Issue: In federal court, do fact issues preclude a summary judgment?
|Area of Law:||Litigation & Procedure|
|Keywords:||Summary judgment; Fact issues; No material questions of fact|
|Cited Cases:||583 P.2d 276; 684 P.2d 187|
It is a matter of settled law in U.S. federal courts that fact issues preclude a summary judgment. The "Celotex trilogy" has not changed that; what it now means is that if there is no evidence to support a plaintiff’s case, the case can be disposed of on summary judgment. Celotex Corp. v. Catrett, 477 U.S. 317, 325 (1986). The judge’s function is not to weigh the evidence and determine the truth of the matter. Anderson v. Liberty Lobby, Inc., 477 U.S. 242, 249 (1986).
The movant in a summary judgment motion has the burden of showing that there are no material questions of fact before requesting summary judgment. Ironically, that rule is stated unequivocally in Kaiser Found. Health Plan v. Sharp, 741 P.2d 714, 718-19 (Colo. 1987), a case relied upon by Defendants: "Even if the party opposing the motion bears the burden at trial of proving a particular fact, the party moving for summary judgment bears the burden of proving clearly that there is no genuine issue of material fact."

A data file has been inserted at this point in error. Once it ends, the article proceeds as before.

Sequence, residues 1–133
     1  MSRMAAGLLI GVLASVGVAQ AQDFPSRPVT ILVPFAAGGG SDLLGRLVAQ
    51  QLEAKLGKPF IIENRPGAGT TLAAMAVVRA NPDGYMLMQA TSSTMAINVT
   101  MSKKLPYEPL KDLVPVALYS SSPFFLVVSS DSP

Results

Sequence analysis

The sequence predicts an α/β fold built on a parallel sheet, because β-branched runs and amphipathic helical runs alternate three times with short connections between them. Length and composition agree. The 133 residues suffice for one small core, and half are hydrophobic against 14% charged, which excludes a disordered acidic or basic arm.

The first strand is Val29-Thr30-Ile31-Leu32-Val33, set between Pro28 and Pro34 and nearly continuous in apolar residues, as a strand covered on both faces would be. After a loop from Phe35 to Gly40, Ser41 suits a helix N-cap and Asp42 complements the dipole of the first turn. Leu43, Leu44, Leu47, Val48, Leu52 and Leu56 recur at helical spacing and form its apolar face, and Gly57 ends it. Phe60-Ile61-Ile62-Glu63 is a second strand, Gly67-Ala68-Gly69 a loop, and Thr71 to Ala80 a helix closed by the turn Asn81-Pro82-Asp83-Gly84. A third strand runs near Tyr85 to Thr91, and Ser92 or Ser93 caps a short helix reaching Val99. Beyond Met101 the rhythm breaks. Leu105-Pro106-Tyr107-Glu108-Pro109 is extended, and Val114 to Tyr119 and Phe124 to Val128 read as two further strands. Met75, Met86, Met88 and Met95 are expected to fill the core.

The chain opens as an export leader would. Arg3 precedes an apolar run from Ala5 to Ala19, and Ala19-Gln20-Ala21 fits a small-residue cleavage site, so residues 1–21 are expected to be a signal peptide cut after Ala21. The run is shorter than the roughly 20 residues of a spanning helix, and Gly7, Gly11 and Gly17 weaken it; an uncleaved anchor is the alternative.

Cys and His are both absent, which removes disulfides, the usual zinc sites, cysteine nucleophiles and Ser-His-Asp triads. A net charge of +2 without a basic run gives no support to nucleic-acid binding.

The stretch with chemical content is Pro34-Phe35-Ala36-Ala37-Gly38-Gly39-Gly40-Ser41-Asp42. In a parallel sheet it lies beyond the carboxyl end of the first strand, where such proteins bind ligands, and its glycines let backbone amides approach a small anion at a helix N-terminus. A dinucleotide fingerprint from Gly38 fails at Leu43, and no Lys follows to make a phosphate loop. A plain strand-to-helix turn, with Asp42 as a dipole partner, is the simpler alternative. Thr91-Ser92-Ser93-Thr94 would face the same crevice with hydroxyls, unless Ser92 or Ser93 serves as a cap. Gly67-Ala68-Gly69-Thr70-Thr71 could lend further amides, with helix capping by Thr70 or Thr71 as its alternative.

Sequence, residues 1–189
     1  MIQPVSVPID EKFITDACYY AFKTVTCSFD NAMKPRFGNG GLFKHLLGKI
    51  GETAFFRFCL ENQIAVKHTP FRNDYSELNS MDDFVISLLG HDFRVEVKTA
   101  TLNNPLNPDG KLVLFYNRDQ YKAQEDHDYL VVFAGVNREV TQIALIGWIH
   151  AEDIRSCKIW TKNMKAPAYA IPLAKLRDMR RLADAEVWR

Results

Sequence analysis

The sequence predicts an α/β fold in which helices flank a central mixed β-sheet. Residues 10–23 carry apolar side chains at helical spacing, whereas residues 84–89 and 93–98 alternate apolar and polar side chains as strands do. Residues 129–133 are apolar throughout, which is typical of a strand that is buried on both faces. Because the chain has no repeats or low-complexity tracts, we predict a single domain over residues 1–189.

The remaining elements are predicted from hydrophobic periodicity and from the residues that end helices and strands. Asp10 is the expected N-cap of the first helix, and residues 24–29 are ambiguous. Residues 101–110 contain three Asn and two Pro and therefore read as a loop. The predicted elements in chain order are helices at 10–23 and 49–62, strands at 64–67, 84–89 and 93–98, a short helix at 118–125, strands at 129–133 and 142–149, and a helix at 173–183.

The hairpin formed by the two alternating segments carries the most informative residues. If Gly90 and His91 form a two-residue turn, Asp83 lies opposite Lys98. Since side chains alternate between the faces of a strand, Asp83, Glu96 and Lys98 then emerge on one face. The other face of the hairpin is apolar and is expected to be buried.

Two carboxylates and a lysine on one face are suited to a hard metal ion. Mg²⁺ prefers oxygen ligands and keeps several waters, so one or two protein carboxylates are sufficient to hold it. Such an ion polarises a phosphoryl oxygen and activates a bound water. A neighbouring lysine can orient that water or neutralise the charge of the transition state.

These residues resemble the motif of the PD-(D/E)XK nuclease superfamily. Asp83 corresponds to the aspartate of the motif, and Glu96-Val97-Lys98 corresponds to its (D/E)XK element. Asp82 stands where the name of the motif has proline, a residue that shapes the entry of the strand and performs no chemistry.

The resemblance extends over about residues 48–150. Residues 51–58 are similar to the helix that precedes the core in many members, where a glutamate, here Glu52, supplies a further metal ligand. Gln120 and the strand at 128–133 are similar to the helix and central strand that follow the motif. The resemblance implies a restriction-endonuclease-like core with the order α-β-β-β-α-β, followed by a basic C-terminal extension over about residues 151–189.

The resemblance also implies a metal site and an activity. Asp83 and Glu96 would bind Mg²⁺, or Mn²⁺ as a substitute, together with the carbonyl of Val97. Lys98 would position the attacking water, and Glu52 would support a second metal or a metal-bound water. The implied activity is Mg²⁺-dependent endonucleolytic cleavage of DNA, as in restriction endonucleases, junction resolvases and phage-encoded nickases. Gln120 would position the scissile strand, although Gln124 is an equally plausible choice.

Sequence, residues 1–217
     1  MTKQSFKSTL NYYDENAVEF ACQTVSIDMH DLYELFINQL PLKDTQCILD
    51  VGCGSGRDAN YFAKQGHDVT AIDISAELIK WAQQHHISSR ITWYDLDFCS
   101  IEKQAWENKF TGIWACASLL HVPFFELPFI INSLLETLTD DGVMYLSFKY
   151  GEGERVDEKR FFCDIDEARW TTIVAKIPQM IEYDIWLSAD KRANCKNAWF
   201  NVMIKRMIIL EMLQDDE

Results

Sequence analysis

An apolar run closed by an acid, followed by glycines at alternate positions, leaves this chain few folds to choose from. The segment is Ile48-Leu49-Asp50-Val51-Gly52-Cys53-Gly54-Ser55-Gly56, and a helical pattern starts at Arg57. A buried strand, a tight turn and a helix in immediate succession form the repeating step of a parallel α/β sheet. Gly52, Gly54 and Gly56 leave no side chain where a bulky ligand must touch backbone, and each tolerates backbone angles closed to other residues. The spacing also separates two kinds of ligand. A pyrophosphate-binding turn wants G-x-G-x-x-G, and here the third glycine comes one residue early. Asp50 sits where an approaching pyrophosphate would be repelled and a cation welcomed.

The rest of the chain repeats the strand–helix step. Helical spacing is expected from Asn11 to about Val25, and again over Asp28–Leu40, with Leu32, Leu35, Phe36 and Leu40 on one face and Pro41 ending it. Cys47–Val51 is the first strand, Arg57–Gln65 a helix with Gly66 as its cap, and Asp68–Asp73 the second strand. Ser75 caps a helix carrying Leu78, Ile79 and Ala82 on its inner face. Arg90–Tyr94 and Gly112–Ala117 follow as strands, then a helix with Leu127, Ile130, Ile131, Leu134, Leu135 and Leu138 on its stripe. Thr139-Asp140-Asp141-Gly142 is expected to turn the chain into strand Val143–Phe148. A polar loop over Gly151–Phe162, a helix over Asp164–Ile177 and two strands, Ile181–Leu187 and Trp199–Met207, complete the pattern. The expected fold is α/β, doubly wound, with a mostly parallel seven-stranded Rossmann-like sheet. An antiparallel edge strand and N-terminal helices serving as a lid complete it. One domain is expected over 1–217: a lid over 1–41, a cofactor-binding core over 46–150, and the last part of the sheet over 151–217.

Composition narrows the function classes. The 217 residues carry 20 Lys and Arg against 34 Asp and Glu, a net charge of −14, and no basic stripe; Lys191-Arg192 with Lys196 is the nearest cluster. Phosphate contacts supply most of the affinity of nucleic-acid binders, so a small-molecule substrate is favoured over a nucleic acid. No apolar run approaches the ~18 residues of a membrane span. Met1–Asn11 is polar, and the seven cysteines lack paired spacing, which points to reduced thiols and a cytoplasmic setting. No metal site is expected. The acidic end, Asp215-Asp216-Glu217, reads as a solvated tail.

To "prove causation in a negligence case, the plaintiff must show by a preponderance of the evidence that the injury would not have occurred but for the defendant’s negligent conduct." Kaiser Found. Health Plan v. Sharp, 741 P.2d 714, 19 (Colo. 1987). The Kaiser court went on to explain:
The existence of a causative link between the plaintiff’s injuries and the defendant’s negligence is a question of fact, see City of […]